The views expressed in this commentary do not necessarily reflect those of BCNN1. Opinions expressed are solely those of the author(s).
One of the most poignant moments in the new Netflix film The Two Popes is a moment of supreme exasperation. The individuals at the center of the film — soon-to-be-retired Pope Benedict XVI and soon-to-be-Pope Jorge Bergolio (now Francis) — have spent the past few minutes disagreeing on every issue facing the Catholic church: homosexuality, divorce, celibacy, the environment and the sexual misconduct of priests. At last, Cardinal Bergolio says, mournfully, “It seems to me that we are no longer a part of this world. We do not belong to it. We are not connected.” Pope Benedict XVI considers this, and then, quoting Anglican priest William Inge, replies, “A church that marries the spirit of this age —” Bergolio interrupts him with the rest of the quotation: “—will be widowed in the next.”
To me, this scene perfectly encapsulates the debate raging around the issue of celibacy in the Catholic Church. To those outside of it, the practice seems archaic and baffling. Why shouldn’t priests be allowed to marry? What good is it doing? Is it actually doing harm? Even to some within Catholicism, it seems like a superfluous practice, especially when stacked against problems with far more impact. And yet, there are those within the Church who believe that this issue cannot and should not be compromised on. To change the practice of celibacy would alter centuries of tradition and the work of generations of God-fearing servants.
Should we change simply because the world says we should?
Pope Benedict XVI believes the Church should not, and he is making his view abundantly clear through a series of arguments in the French newspaper Le Figaro and in a newly published book. In 2013, after becoming the only pope since 1415 to retire, Pope Benedict promised that he would stay “hidden from the world.” However, he has broken his silence to argue for the “great significance” of celibacy and calling it a “truly essential” standard for priesthood. In the book, co-authored with Cardinal Robert Sarah, Pope Benedict states definitively that “the call to follow Jesus is not possible without this sign of freedom and of renunciation of all commitments.”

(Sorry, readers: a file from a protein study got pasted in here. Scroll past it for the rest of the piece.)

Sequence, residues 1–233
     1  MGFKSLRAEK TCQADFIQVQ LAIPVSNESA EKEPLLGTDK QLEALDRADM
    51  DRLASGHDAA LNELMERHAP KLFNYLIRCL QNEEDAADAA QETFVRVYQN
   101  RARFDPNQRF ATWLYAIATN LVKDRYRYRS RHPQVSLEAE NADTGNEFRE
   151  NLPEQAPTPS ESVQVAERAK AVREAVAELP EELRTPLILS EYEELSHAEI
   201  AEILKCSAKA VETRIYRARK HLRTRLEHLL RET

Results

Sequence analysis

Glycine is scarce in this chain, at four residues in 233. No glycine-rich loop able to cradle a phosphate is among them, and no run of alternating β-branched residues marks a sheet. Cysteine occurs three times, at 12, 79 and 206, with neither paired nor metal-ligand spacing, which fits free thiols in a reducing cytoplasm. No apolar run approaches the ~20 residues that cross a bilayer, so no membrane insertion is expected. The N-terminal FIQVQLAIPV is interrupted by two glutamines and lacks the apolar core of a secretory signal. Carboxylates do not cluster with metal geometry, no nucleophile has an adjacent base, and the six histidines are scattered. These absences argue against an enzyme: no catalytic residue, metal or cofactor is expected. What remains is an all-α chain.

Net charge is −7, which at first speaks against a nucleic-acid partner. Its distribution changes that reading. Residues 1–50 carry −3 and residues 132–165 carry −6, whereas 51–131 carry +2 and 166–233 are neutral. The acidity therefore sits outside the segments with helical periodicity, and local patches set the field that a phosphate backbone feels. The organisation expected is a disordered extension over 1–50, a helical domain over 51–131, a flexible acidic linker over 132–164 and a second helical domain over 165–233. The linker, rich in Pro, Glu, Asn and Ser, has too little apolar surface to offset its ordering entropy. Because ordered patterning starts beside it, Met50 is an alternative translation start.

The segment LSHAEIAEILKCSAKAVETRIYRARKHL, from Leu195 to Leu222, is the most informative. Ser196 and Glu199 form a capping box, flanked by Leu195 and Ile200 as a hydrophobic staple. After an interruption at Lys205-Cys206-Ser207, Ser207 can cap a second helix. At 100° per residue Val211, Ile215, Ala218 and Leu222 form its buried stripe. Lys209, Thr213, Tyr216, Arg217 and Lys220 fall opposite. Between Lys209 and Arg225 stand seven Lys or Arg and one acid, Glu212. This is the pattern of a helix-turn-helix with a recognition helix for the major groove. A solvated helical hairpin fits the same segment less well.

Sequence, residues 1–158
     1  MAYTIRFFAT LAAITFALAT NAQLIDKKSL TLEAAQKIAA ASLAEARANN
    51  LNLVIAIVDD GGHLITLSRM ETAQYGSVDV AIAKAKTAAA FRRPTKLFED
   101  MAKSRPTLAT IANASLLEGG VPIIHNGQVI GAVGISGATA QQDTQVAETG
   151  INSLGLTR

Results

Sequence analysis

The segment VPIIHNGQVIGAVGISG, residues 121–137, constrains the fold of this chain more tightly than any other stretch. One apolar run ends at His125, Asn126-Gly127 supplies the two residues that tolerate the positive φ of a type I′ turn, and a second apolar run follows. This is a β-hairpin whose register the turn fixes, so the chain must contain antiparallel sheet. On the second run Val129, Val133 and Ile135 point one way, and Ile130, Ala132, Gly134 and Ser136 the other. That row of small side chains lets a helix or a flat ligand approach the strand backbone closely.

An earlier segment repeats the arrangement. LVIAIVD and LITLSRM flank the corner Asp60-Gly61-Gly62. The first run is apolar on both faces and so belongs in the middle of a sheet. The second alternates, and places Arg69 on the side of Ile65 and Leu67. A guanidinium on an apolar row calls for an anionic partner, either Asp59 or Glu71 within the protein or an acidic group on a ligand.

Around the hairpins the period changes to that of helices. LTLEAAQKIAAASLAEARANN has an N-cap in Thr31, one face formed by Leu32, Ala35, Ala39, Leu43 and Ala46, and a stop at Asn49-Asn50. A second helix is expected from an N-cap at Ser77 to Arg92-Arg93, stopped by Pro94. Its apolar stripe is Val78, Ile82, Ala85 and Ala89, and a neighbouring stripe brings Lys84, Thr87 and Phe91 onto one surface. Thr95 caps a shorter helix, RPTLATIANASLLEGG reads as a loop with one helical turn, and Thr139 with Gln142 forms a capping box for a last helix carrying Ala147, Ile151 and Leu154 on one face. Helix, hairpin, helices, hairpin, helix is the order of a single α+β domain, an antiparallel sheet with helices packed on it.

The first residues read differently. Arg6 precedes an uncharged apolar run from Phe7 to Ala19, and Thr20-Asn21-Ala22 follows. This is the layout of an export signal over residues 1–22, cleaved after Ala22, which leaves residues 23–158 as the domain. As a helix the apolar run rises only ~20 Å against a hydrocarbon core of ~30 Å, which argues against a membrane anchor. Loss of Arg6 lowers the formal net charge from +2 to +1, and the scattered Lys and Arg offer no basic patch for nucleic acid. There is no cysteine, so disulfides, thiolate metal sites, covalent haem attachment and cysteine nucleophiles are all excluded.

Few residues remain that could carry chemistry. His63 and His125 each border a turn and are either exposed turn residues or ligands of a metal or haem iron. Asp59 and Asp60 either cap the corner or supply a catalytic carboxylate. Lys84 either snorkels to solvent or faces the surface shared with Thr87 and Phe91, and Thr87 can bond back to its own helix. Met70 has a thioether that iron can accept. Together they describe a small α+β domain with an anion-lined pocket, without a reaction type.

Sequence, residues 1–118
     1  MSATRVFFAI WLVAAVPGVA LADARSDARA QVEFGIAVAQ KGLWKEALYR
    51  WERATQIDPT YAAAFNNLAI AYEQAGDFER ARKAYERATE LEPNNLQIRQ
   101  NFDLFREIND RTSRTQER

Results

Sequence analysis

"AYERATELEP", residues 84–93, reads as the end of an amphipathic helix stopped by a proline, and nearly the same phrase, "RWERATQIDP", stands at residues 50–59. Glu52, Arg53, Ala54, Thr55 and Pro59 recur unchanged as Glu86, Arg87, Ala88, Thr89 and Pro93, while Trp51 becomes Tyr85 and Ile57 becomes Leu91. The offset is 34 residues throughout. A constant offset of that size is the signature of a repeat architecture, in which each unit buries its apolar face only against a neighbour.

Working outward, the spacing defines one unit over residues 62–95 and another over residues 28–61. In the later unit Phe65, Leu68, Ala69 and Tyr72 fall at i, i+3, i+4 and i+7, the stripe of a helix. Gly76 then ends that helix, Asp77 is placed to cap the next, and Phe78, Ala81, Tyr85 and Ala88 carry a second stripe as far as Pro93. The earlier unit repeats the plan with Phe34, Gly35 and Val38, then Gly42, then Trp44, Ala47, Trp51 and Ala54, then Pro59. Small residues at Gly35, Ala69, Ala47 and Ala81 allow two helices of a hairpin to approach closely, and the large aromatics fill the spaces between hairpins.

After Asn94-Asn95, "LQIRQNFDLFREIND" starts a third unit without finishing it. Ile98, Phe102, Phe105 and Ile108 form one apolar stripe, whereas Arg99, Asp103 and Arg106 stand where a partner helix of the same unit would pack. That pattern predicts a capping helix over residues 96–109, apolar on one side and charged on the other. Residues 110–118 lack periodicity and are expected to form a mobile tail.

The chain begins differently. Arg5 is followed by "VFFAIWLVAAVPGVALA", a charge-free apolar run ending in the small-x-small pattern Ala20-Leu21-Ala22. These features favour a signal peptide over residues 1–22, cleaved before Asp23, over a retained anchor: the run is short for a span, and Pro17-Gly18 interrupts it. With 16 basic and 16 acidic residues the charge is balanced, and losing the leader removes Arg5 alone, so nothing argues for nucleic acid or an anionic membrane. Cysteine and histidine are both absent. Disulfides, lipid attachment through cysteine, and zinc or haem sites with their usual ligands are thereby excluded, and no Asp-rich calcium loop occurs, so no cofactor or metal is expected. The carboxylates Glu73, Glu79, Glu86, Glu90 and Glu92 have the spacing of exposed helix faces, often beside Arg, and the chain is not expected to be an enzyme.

The sudden outspokenness of the former pope is seen by many as a response to Pope Francis considering a change in the Church’s position on celibacy. Last year, stemming from a shortage of priests in the Amazon region, church leaders from South America requested that married men be allowed to be ordained. Pope Francis is apparently working on a document that tackles this issue, which has made Catholic hardliners nervous. In the past, Pope Francis has expressed a willingness to reconsider the practice of celibacy. In 2014, in a conversation with journalists, Pope Francis admitted that, while he did consider celibacy “a rule of life that I greatly appreciate,” he did not view the practice as “a dogma of faith,” so “the door is always open.”
The Catholic Church, like any political institution, has always been at war with itself, the traditionalists and the reformers duking it out behind closed doors. What is unique about this situation, though, is that each camp has a champion out in the open, and both have sat on the Chair of St. Peter. For some, the real issue at hand is that there are two living popes, commenting on and providing conflicting guidance for Catholics around the world.
Click here to read more.
SOURCE: Christian Post, Hayden Royster